In Uncategorized on November 17, 2015 at 12:43 pm
Today in Sydney the Daily Telegraph reported that the ‘merciless’ response promised by President Francois Hollande of France had begun with revenge bombings of cities in Syria. There should be no doubt that non-combatants will suffer in these attacks.
I write this with a profound sense of anxiety and personal misgiving. But I feel like I cannot not write when, as I’ll explain below, it looks to some observers as if the church I love has publicly merged its identity with that of Western capitalist democracy. Almost overnight, we have shucked off the theological practice of over a 1000 years.* At its best, the church has kept a clear distinction between itself and the state; suddenly, we have begun using words like solidarity and phrases ‘standing with Paris’. And I think that somewhere in our Spirit-led rush to the kind of compassion that has marked the church through the ages, we have forgotten that to be pastoral is also always to be theological.
‘Stand with Paris’
Let me explain by asking this question: what is the problem with the language of ‘stand with Paris’?
Well, firstly, we should ask what this slogan means.
Some Christians say that ‘standing with Paris’ means “compassion… fellow frailty and in-need-of-Jesus-ness” or “blowing up innocent people as an act of terror is wrong and if we can help you we will,” or even, “a promise to pray.”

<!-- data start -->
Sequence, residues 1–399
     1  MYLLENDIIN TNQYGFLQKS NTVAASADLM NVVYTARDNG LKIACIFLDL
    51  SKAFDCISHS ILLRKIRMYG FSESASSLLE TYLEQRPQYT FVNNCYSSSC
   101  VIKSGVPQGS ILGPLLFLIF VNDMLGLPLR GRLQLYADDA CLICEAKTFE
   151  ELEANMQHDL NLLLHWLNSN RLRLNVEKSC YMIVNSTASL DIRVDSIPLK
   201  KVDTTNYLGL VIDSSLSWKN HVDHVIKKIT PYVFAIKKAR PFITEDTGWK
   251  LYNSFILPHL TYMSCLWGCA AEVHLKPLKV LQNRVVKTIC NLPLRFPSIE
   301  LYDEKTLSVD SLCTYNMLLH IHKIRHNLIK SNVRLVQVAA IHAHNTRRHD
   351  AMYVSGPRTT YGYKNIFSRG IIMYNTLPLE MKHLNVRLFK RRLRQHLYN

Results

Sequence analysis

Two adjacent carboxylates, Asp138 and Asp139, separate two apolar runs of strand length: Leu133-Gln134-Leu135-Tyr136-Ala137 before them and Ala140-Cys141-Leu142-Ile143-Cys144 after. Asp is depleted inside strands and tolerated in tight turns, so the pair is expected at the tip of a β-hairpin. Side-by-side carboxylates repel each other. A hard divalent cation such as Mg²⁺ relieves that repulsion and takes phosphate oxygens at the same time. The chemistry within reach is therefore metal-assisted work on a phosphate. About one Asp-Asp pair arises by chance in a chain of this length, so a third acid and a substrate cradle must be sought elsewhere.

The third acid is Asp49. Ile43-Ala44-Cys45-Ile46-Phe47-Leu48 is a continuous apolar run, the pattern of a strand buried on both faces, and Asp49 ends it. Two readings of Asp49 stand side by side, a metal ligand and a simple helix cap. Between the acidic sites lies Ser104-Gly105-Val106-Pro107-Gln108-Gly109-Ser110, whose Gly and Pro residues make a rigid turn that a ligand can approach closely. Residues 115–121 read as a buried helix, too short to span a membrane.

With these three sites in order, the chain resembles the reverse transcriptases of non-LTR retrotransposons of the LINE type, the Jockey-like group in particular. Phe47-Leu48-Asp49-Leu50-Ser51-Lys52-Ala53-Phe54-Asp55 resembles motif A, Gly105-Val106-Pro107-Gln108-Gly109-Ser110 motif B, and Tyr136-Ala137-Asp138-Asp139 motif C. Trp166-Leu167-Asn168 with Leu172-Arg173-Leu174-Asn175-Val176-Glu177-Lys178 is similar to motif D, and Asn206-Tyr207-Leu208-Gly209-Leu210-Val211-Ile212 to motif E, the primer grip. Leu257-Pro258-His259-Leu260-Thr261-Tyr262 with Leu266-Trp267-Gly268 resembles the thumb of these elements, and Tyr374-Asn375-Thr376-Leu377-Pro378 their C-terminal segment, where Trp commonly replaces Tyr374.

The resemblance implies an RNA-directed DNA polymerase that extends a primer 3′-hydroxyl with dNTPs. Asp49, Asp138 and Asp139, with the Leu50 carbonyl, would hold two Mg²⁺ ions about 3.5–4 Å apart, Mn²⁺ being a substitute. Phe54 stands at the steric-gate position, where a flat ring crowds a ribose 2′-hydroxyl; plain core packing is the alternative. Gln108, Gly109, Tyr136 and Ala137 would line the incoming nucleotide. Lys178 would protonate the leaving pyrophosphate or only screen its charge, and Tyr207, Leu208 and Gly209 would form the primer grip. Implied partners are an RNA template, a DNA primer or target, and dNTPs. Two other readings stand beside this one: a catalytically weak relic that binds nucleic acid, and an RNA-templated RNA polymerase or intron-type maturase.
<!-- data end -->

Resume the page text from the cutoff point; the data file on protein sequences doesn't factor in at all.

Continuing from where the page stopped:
It seems to me that Christians seem to be the only people in the world who are in any doubt as to the meaning of ‘stand by Paris.’ The Prime Minister of the UK, David Cameron, had no such confusion: ‘your fight is our fight,’ he declared.
To ‘stand with’ someone is not to empathise with them, walk alongside them, pray with them or simply love them. To ‘stand with’ someone is to join them in their particular struggle and fight. It means to take their side. Ed Stetzer recently wrote, in Christianity Today, a US-based, globally distributed magazine for evangelical Christians: “We are, it is hard to disagree, in what will be a decades-long struggle with radical Islamists.” And when Christians declare that they are on the side of Paris, whilst having offered no similar identification with Beirut or Mosul, we have an enormous problem.
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